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See 1 citation in Osteoporos Int 2015 by Nakayama A:

Osteoporos Int. 2016 Mar;27(3):873-879. doi: 10.1007/s00198-015-3443-0. Epub 2015 Dec 9.

Evidence of effectiveness of a fracture liaison service to reduce the re-fracture rate.

Author information

1
Department of Rheumatology, Bone and Joint Centre Royal Newcastle Centre/John Hunter Hospital, Lookout Road, New Lambton Heights, Newcastle, New South Wales, 2305, Australia.
2
Department of Rheumatology, Bone and Joint Centre Royal Newcastle Centre/John Hunter Hospital, Lookout Road, New Lambton Heights, Newcastle, New South Wales, 2305, Australia. gabor.major@hnehealth.nsw.gov.au.
3
Faculty of Medicine University of Newcastle, Newcastle, New South Wales, 2308, Australia. gabor.major@hnehealth.nsw.gov.au.
4
Faculty of Medicine University of Newcastle, Newcastle, New South Wales, 2308, Australia.
5
Hunter Medical Research Institute, Newcastle, New South Wales, 2308, Australia.

Abstract

SUMMARY:

We assessed the ability of a fracture liaison service (FLS) to directly reduce re-fracture risk. Having a FLS is associated with a ∼40% reduction in the 3-year risk of major bone and ∼30% of any bone re-fracture. The number needed to treat to prevent a re-fracture is 20.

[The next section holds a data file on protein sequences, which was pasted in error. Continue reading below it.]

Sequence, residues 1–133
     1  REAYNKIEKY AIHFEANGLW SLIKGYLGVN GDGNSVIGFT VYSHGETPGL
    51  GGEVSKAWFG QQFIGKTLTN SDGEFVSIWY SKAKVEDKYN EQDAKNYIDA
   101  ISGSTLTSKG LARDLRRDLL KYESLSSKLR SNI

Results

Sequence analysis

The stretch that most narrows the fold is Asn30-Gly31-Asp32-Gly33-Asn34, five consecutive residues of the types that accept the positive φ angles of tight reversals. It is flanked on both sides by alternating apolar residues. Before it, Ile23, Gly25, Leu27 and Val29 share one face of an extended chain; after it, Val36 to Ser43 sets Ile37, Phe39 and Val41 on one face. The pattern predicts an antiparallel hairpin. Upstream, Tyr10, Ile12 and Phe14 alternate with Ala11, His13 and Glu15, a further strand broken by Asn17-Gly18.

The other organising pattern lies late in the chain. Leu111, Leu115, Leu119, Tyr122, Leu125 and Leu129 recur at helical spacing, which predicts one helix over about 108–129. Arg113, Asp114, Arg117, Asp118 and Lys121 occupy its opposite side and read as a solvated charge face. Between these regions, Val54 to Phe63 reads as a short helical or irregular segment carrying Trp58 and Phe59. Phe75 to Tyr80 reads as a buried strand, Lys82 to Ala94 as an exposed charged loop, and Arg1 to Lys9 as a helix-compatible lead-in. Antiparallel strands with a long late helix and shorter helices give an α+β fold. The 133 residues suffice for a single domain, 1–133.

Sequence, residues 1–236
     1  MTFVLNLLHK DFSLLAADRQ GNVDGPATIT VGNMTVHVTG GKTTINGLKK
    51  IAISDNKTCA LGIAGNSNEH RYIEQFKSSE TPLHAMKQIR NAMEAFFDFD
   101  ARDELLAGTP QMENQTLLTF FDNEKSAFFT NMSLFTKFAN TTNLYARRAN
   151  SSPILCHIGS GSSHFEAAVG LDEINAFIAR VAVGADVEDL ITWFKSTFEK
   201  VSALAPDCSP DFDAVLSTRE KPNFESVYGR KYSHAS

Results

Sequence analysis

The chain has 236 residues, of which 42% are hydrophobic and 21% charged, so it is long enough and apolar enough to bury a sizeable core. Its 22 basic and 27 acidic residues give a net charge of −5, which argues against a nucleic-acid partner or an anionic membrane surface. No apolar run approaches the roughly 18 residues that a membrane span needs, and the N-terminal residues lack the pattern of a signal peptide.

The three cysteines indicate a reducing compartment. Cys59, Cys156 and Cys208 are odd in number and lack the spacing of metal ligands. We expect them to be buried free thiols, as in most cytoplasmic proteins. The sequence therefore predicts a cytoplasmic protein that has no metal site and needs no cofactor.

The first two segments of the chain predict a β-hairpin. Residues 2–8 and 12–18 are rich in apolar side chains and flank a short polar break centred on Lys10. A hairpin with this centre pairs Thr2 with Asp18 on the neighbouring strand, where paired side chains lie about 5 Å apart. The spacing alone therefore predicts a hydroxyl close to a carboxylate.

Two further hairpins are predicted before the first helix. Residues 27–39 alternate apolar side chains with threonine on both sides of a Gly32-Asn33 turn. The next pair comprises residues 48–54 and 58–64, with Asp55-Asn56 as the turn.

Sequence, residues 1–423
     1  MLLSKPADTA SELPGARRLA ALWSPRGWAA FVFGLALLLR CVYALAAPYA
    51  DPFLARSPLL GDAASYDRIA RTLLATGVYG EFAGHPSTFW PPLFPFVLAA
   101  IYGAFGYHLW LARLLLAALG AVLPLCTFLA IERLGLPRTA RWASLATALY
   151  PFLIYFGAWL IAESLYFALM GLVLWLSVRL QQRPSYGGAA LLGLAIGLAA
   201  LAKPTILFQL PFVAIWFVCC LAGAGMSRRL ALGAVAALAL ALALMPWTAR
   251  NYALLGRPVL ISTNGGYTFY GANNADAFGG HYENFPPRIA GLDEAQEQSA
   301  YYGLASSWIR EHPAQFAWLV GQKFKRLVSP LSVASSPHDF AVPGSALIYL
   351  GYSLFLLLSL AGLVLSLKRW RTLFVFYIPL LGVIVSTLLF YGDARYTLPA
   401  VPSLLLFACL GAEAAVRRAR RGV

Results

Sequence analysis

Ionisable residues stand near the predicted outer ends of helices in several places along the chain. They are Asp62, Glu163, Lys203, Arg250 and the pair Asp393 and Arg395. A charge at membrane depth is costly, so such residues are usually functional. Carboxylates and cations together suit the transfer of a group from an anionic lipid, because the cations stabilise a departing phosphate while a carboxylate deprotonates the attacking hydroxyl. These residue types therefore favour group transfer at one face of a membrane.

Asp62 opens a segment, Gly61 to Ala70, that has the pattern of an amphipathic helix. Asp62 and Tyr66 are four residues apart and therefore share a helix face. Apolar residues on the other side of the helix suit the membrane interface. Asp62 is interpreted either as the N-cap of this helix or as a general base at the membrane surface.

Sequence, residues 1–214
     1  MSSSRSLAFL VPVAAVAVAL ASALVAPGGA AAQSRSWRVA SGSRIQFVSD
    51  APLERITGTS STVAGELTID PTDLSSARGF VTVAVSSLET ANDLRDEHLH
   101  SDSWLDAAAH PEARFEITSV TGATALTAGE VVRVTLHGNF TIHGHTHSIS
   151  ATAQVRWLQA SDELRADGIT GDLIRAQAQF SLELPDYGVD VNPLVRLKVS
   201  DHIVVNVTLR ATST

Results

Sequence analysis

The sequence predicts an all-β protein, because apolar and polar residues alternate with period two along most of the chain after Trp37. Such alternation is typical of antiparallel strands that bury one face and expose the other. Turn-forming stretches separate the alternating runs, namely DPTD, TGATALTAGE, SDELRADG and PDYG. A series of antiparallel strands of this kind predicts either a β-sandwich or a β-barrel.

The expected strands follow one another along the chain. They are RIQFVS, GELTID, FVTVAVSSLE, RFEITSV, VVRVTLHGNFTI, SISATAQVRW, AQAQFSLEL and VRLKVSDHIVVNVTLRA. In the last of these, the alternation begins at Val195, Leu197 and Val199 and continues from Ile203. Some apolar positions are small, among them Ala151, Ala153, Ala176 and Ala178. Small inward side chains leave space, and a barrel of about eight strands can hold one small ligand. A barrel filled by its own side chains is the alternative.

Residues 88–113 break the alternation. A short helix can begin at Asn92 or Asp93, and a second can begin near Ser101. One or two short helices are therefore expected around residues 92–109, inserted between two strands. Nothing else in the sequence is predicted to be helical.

INTRODUCTION:

FLS have been promoted as the most effective interventions for secondary fracture prevention, and while there is evidence of increased rate of investigation and treatment at institutions with a FLS, only a few studies have considered fracture outcomes directly. We therefore sought to evaluate the ability of our FLS to reduce re-fracture risk.

METHODS:

Historical cohort study of all patients ≥50 years presenting over a 6-month period with a minimal trauma fracture (MTF) to the emergency departments of a tertiary hospital with a FLS, and one without a FLS. Baseline characteristics, mortality and MTFs over a 3-year follow-up were recorded.

RESULTS:

Five hundred fifteen patients at the FLS hospital and 416 patients at the non-FLS hospital were studied. Over 3 years, 63/515 (12%) patients at the FLS hospital and 70/416 (17%) at the non-FLS hospital had a MTF. All patients were analysed in an intention-to-treat analysis regardless of whether they were seen in the FLS follow-up clinic. Statistical analysis using Cox proportional hazard models in the presence of a competing risk of death from any cause was used. After adjustment for baseline characteristics, there was a ∼30% reduction in rate of any re-fracture at the FLS hospital (hazard ratio (HR) 0.67, confidence interval (CI) 0.47-0.95, p value 0.025) and a ∼40% reduction in major re-fractures (hip, spine, femur, pelvis or humerus) (HR 0.59, CI 0.39-0.90, p value 0.013).

CONCLUSIONS:

We found a ∼30% reduction in any re-fractures and a ∼40% reduction in major re-fractures at the FLS hospital compared with a similar non-FLS hospital. The number of patients needed to treat to prevent one new fracture over 3 years is 20.

KEYWORDS:

Bone/prevention and control; Fracture liaison service; Fractures; Osteoporosis/epidemiology; Osteoporotic fractures/prevention and control; Secondary prevention

PMID:
26650377
PMCID:
PMC4767862
DOI:
10.1007/s00198-015-3443-0
[Indexed for MEDLINE]
Free PMC Article

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